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The Chicago Tribune reports that eight-store upscale convenience chain Foxtrot Market has plans to use $42 million in new investment money to open four more stores there, as well as units in Dallas and Washington, DC - largely taking advantage of storefront availabilities created by the pandemic.

Foxtrot is described as a unique format, combining prepared and specialty foods with a coffee shop and a delivery hub for online orders.   The Tribune writes that "in addition to new stores, Foxtrot also plans to invest in expanding its line of private label products," though it considers locally made products, like coffee from Metric Coffee and Half Acre beer, its 'lifeblood'."

Bloomberg describes the format this way:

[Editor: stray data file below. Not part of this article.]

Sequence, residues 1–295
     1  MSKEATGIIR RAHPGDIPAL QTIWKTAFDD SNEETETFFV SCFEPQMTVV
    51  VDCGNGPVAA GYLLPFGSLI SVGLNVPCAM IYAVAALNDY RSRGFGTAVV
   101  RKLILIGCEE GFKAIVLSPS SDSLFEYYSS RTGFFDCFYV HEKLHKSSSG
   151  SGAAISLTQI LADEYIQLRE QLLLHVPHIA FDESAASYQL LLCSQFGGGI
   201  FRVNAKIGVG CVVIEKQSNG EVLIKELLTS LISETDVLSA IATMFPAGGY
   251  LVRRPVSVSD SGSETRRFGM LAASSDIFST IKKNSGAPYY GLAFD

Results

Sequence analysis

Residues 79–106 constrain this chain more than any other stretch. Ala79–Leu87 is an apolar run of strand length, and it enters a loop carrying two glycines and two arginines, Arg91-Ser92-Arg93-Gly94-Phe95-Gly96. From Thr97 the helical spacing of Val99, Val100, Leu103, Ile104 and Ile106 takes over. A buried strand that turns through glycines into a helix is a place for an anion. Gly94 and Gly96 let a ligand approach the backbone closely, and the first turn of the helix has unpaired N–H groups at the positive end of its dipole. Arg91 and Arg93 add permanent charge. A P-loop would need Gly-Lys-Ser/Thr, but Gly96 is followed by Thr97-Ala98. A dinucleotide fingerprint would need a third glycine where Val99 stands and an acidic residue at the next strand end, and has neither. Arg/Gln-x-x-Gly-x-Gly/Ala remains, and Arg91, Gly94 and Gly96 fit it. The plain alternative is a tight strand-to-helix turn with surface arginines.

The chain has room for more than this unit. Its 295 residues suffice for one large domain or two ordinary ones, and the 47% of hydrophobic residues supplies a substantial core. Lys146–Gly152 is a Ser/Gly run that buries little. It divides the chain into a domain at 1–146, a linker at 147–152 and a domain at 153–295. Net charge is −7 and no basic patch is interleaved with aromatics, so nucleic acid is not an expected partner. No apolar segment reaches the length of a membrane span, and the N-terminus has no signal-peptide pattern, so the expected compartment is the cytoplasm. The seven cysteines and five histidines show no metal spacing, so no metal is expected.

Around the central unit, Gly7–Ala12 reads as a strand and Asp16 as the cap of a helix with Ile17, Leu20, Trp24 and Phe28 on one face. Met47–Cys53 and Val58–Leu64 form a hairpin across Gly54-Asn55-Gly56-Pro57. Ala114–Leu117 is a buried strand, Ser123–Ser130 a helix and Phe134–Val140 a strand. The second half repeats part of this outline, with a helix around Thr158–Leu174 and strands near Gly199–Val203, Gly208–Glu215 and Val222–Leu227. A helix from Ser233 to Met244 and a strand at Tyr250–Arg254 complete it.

"Foxtrot distinguishes itself with its hybrid, locavore model vs. your typical 7-Eleven. The shelves are stocked with products made by local artisans in addition to major consumer brands. In Chicago that will include coffee from Metric, Do-Rite’s old-fashioned doughnuts, and IPAs from Pipeworks Brewing. Customers order via an app.

"The chain also specializes in private label products, notably candy gummies. The best-selling online items are wine and ice cream; the average order is $50."

The company says that the pandemic has demonstrated the continued health of both the online an d offline business - while its online sales tripled in 2020, in-store sales grew 55 percent.

KC's View:

I've not been in a Foxtrot store to the best of my recollection, but I must admit I'm intrigued … it sounds like an interesting combination of formats built out from customer needs and desires.  Which, to my way of thinking, is the right way to go.